Does truth matter?


There’s a video floating around of Keanu Reeves talking about a conversation he had over dinner with a friend’s kids about The Matrix. They hadn’t seen the films and so his friend said, ‘Why don’t you tell them what it’s about.” He goes on to say,

“Well there’s this guy who’s in a kind of virtual world, and he finds out that there’s a real world, and he’s really questioning what’s real and what’s not real. And he really wants to know what’s real.”

The youngest daughter, surprisingly asks “Why?”

Reeves: “And I was like, ‘What, you don’t care if it’s real?’”

Her answer was a simple “No.” To which Reeves goes on to say he thinks that’s awesome.

So, is it awesome?

I shared on Sunday that one of my favorite shows and characters is Adam Savage from Mythbusters. They used to open the show with a quote from Adam…

“I reject your reality and substitute my own!”

Every time, I would chuckle. I felt it. Sometimes it’s just easier to pretend that nothing is really true or real. We can just make it up as we go along!

With the growth of the Metaverse, this whole idea is growing rapidly that there really is no truth except for your truth. You decide what is true and what isn’t.

It really sounds great. I get to live the life I want in the world I want however I want and no one can tell me to do anything else.

So why even worry about truth? Does truth even matter if it is entirely subjective anyway?

The problem, of course, is that truth isn’t subjective. If you don’t show up for work and you tell your boss that “your truth” is that you deserved to be paid even if you don’t come to work; guess what? You’re not getting paid.

If you get married and your truth is that you can hook up with whoever you want but your spouse’s truth is that you should be committed to each other and each other, only; your marriage probably isn’t going to last very long.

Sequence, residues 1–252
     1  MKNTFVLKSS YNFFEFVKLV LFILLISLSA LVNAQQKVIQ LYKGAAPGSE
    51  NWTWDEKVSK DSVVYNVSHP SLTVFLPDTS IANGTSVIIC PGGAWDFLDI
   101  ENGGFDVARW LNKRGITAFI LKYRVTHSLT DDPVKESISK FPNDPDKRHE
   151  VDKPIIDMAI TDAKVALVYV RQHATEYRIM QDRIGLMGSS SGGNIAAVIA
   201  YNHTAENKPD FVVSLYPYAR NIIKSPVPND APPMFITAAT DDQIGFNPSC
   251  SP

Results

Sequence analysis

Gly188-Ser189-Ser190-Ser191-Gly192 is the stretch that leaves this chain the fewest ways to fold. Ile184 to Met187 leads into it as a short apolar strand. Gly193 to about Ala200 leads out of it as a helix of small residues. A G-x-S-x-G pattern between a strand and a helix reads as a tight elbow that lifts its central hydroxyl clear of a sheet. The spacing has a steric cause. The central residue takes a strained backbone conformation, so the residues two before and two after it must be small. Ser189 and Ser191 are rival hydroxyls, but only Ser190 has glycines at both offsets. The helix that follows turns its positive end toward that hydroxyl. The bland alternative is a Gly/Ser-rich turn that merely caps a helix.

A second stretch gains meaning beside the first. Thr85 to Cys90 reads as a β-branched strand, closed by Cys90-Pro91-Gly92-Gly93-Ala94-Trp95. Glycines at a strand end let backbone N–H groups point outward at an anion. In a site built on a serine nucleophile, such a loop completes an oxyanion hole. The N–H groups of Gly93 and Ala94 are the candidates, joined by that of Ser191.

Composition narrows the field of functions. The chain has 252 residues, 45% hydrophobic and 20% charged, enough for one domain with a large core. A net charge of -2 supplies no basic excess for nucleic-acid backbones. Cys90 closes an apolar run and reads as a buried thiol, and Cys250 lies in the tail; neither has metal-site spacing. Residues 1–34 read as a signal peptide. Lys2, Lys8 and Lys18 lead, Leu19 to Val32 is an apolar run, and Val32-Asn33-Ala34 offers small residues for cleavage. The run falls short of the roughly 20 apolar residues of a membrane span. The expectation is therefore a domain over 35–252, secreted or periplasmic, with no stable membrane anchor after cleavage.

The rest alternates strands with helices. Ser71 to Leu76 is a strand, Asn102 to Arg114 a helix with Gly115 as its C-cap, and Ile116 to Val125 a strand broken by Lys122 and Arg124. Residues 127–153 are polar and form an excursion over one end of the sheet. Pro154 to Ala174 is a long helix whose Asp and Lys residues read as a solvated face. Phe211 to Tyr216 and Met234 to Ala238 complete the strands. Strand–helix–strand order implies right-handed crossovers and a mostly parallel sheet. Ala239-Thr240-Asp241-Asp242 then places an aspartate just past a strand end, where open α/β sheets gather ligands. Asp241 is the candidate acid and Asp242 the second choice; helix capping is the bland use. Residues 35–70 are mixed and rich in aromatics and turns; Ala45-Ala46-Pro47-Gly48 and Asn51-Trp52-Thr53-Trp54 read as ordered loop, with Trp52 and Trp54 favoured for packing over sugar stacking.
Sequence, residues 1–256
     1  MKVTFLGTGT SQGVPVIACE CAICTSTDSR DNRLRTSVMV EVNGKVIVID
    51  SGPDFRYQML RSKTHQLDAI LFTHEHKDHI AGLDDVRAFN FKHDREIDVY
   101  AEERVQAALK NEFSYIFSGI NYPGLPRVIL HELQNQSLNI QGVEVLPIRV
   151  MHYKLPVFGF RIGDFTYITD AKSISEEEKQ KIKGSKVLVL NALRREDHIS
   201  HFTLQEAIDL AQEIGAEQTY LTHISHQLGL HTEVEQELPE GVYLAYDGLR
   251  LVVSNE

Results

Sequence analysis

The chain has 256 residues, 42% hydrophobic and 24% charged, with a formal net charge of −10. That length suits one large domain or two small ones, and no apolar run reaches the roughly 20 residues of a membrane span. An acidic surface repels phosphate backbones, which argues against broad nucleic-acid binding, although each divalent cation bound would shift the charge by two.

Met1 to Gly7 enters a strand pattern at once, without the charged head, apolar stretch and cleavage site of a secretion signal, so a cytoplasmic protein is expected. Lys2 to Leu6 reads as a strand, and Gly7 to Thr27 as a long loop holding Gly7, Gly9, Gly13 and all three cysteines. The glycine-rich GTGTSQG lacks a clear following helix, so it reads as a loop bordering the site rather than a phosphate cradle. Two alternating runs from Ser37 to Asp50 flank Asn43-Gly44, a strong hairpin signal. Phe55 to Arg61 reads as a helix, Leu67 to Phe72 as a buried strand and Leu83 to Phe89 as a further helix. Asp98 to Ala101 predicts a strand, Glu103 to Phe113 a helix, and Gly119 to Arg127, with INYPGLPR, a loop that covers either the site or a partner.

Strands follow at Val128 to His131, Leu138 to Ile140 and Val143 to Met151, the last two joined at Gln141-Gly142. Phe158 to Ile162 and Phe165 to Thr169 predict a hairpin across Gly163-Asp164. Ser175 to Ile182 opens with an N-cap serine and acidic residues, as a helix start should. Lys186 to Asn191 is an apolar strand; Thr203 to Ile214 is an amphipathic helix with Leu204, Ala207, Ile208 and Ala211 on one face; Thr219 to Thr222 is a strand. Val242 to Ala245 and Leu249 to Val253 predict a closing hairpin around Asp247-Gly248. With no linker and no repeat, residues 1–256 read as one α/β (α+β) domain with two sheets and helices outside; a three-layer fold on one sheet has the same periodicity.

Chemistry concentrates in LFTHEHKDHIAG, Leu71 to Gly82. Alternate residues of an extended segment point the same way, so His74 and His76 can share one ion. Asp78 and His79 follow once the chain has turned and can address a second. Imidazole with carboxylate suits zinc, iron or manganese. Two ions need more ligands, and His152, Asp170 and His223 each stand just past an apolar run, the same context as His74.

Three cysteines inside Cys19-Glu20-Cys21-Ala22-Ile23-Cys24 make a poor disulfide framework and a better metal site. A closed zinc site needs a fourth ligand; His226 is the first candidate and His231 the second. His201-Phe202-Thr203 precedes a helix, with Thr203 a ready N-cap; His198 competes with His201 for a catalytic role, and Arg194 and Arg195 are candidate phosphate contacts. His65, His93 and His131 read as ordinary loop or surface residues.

If you’ve ever worked in a workgroup or had a group project in school that some members felt their truth was that they should get a good grade no matter how much time they DIDN’T put in and others in the group held to the truth that you should go above and beyond to do your best…there’s going to be problems.

If truth doesn’t matter, really everything in life will eventually fall apart because we can’t live, work or play in a community where we all have our own rules that no one else is aware of.

Richard Rohr is an American Franciscan Priest that talks alot about the true self and false self. He’s inspired pastors, counselors and scholars of all different streams of faith to contemplate the difference between who we REALLY are versus who we pretend to be.

The true self is your true identity. It’s who you really are deep inside. When you develop friendships with others who know who you truly are, you are fully accepted and can truly be and feel loved.

In our faith, it is our true self as the image bearers of God that yearns to surface and be our true identity in the world with God and with others but the false self is perplexed with layers of survival mechanisms, escapes and false truths that we tell ourselves to fit in and make sense of the world.

As Christians, we know there is absolute truth that when fully lived out leads to joy, peace and happiness even in the midst of great sadness or suffering.

To be sure, the idea of choosing your own truth is the oldest temptation in history. It goes all the way back to the Garden of Eden where Adam and Eve chose to eat of the Tree of the Knowledge of Good and Evil. By succumbing to that temptation, they were choosing to decide what is good or evil; true or false; real or unreal for themselves.

Every person does get to make this decision for themselves to purse what is true or to make it up for themselves but why would you want to live in a world where no one sees you for who you really are? No one agrees that what you find of utmost value is actually valuable? That you are living a life that is real and foundational instead of completely made up in your head?

The first choice we have to struggle with is this…

Does truth matter?

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